Jan 17 - Pennsylvania Gazette 1:9-16:1736
Advertisements with white space, varying sizes of font, capitals and italics, and a woodcut from Benjamin Franklin’s Pennsylvania Gazette (December 9-16, 1736).

Many historians of the press and print culture in early America have noted that Franklin became wealthy and retired as a printer in favor of a multitude of other pursuits in part because of the revenue he collected from advertising.  Others, especially David Waldstreicher, have underscored that this wealth was amassed through participation in the colonial slave trade.  The advertisements for goods and services featured in the Pennsylvania Gazette included announcements about buying and selling slaves as well as notices offering rewards for runaways.

Jan 17 - Pennsylvania Gazette slave 1:9-16:1736.gif
An advertisement for slaves from Benjamin Franklin’s Pennsylvania Gazette (December 9-16, 1736)

In 1741 Franklin published one of colonial America’s first magazines, The General Magazine and Historical Chronicle, for all the British Plantations in America (which barely missed out on being the first American magazine, a distinction earned by Franklin’s competitor, Andrew Bradford, with The American Magazine or Monthly View of the Political State of the British Colonies).  The magazine lasted only a handful of issues, but that was sufficient for Franklin to become the first American printer to include an advertisement in a magazine (though advertising did not become a standard part of magazine publication until special advertising wrappers were developed later in the century — and Mathew Carey was unarguably the master of that medium).

General Magazine.jpg
General Magazine and Historical Chronicle, For all the British Plantations in America (January 1741).  Library of Congress.

In 1744 Franklin published an octavo-sized Catalogue of Choice and Valuable Books, including 445 entries.  This is the first known American book catalogue aimed at consumers (though the Library Company of Philadelphia previously published catalogs listing their holdings in 1733, 1735, and 1741).  Later that same year, Franklin printed a Catalogue of Books to Be Sold at Auction.

Franklin pursued advertising through many media in eighteenth-century America, earning recognition as one of the founders of American advertising.  Happy 310th birthday, Benjamin Franklin!

Bonus: Edward Pole’s Advertising Campaign

Yesterday evening I discovered that the American Antiquarian Society included a newspaper advertisement in its Instagram feed earlier in the day, a delightful surprise made even better by a generous reference to the Adverts 250 Project.  Please visit the AAS Instagram feed to see the advertisement and their commentary.

I was also excited because I recognized the advertiser, Edward Pole, a “Fishing-Tackle-Maker” who also operated a wholesale and retail grocery store in Philadelphia in the 1770s and 1780s.  Unlike most newspaper advertisements featured in the Adverts 250 Project so far, Pole’s advertisement (from fifteen years later, June 1781) included a woodcut to catch readers’ attention:  a striking image of a fish, certainly appropriate for an entrepreneur who peddled fishing tackle.  Woodcuts accompanying newspaper advertisements became more common during the last third of the eighteenth century.  Some advertisers, like Pole, used them as brands for their products and businesses.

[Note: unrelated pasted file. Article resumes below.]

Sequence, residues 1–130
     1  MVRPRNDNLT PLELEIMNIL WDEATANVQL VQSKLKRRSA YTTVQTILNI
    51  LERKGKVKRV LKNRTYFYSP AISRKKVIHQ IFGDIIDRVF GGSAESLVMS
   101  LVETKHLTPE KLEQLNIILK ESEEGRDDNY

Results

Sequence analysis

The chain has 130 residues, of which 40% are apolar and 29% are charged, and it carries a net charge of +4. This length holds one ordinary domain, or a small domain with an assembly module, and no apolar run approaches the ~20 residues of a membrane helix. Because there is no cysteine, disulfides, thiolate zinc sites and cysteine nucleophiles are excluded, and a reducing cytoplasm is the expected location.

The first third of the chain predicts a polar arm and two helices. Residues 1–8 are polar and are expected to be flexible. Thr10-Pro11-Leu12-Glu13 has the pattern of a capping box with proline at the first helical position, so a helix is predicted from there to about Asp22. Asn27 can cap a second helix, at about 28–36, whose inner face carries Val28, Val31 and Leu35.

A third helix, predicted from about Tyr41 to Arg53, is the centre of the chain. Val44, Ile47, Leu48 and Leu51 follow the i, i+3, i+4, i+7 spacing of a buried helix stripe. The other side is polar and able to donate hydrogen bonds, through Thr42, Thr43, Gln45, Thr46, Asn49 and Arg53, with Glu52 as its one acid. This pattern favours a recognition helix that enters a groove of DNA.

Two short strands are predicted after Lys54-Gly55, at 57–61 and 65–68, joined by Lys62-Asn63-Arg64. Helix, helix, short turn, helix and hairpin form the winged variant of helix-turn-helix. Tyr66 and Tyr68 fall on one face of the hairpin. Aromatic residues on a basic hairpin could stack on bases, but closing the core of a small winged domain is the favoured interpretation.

Pole’s woodcut probably looked familiar to consumers in Philadelphia in 1781.  It appeared regularly in the Pennsylvania Packet (at least as early as May 1774), but that was not the only newspaper that included a woodcut of a fish with Pole’s commercial notices.  Pole placed advertisements for fishing tackle, including a very similar fish (this time with a decorative border), in the Freemen’s Journal in 1784.

Pole Newspaper Advert
Advertisement from the Freemen’s Journal (March 24, 1784).  Historical Society of Pennsylvania.

In addition,the savvy Edward Pole made use of multiple advertising media.  He distributed an engraved billhead for his receipts as early as the 1770s.  The billhead’s elaborate engraving featured a triptych logo in the upper left corner of the sheet, complete with rococo-style frames surrounding casks, crates, and scales on the left and right and the words “Edwd Pole’s GROCERY STORE Wholesale & Retail” in the center.  This billhead, with manuscript notations from 1771, is part of the Norris Papers at the Historical Society of Pennsylvania.

Sometime in the late 1770s or early 1780s, he also distributed engraved trade cards featuring a rectangular vignette of two gentlemen fishing in a stream above a description of the wares stocked in his shop.  Pole eventually resorted to broadsides (or, in modern terms, posters) for his business ventures.

Edward Pole Trade Card
Edward Pole’s Trace Card (ca. 1780).  Historical Society of Pennsylvania.

In addition to trade cards, billheads, and broadsides, Pole most prolifically advertised in several of Philadelphia’s newspapers, often distinguishing his advertisements from others on the page by including a woodcut of a fish, as we have seen.  Pole’s use of multiple media allowed him to publicize his wares widely.  Most advertisements relied exclusively on newspapers for their marketing, but Pole took an innovative approach by experimenting with other forms as he encouraged potential customers to visit his shop.